Spring has sprung, finally. Its trend of renewal with re-birth, growth, life and giving is found in our gardens, our lawns, the sweet smell of flowers blooming...
Spring’s trend of giving is even beginning to be found in how we, as a nation, are changing.
Like the first shoots of spring flowers, stories of this trend began to peep up through the media noise of layoffs and deficits, failing industries, failed leadership....
Last week. I noticed a number of their stories just beginning to peep up ever so slightly in mainstream media.
Donors to and their donations increase at local food banks. USAToday reported that the numbers of people seeking help through local food banks is on the rise. But so are the number of donors and the amounts of their donations.
In a USA TODAY survey of a dozen large food banks, 10 of 12 said food or cash donations are at least 20% higher than a year ago.
"We have more donors than ever before," says Robert Bush of the East Texas Food Bank. “The number of donors is up 115%, and their average gift increased from $49.66 to $56.37.”
More giving for the sake of those who need.
Forbes recently carried at article titled The End of Conspicuous Philanthropy?
Analyzing gifts greater than $1 million announced between June 2008 and April 2009, The Chronicle of Philanthropy noted that 80 were made anonymously, or nearly 19% of the 422 total for the period. By comparison, during the past decade only about 3% to 5% of such gifts were made anonymously...
Granted, there is news that with the declining economy, the total amount of dollars given philanthropic organizations may decline. But it does point to a nascent trend among large private donors that more see donations as an act of giving for those who need, rather than as an act of personal branding or tactic of a PR campaign to boost the donor’s image in their community.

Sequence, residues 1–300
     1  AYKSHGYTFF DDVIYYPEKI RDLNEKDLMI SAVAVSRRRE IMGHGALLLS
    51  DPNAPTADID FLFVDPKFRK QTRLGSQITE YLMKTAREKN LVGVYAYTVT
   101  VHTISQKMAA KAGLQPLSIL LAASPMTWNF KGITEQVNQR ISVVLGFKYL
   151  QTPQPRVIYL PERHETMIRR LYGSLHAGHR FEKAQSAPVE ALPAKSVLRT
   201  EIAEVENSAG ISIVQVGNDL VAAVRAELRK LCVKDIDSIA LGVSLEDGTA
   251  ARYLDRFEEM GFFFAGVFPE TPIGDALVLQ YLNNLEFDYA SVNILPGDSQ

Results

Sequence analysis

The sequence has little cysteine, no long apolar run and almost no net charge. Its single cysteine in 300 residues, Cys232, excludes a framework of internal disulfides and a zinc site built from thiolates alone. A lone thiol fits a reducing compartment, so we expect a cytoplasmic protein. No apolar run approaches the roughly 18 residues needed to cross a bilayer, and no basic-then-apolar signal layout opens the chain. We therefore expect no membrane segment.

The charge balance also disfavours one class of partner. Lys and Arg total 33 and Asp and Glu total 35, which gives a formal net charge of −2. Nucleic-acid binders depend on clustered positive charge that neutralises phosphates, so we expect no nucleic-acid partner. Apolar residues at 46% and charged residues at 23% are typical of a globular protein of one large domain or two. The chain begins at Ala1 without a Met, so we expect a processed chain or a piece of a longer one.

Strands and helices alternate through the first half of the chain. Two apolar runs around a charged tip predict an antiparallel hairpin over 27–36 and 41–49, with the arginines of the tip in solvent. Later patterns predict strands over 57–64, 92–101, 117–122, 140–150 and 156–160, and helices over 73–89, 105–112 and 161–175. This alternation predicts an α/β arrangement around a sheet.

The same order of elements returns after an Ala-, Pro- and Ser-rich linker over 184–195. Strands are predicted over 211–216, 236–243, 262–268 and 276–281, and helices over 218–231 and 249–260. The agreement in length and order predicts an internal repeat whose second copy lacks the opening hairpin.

Trend watching recently titled this Generation G for Generosity. They highlight some of the trend towards increased giving with this:
“Over the past few years, billionaires around the world have been upping the ante for other financially independent individuals by giving away really big chunks if not all of their fortunes. In fact, it's impossible these days to be very rich and not to donate uber-generously to charity: the benefit to one's social capital completely trumps the monetary gains from keeping one's financial capital sitting in an account.”
And it continues with:
“But. The most important driver behind GENERATION G is a wide variety of consumers and citizens being more generous. We're talking the collaborative / free / creation / crowdsourced / gift / sharing movement* that—especially online—has unlocked in entirely new ways the perennial need of individuals to be appreciated, to be loved, to feel part of the greater good, to contribute, to help.”
BAM, as Emeril would say.
I noted these stories. But, I noted them in a way much like I note the shoots of flowers just peeping up in early spring. Huh, interesting. There’s one.
That is until Kare Anderson of Moving from Me to We talked about my g-g-g-generation. I asked her what were the prospects for the boomer, the me-me-me, generation to move from selfishness to selflessness, from it being all about me to all about we. She quickly disagreed with the premise. Boomers, she said, were looking for meaning in their individual lives, our individual lives. And in some sense we found it. But how we found it primed us, made us hungry for real meaning with connections, community, from helping others through...giving.
The light went on as I heard this. Or the sun came out, really. Like a spring day, and we saw the promise from winter’s pentup demands for growth, renewal, life...
There’s a huge pentup demand for giving. And stories like these are the first signs of life, of renewal, of our ability to re-create, renew, ourselves and our economy and our country. And it’s made manifest now in our ability to...give. To give to others.
And these first signs are the signs that the trend for the future is giving....more giving. We’ve moved from me to we. And we...we'll be okay.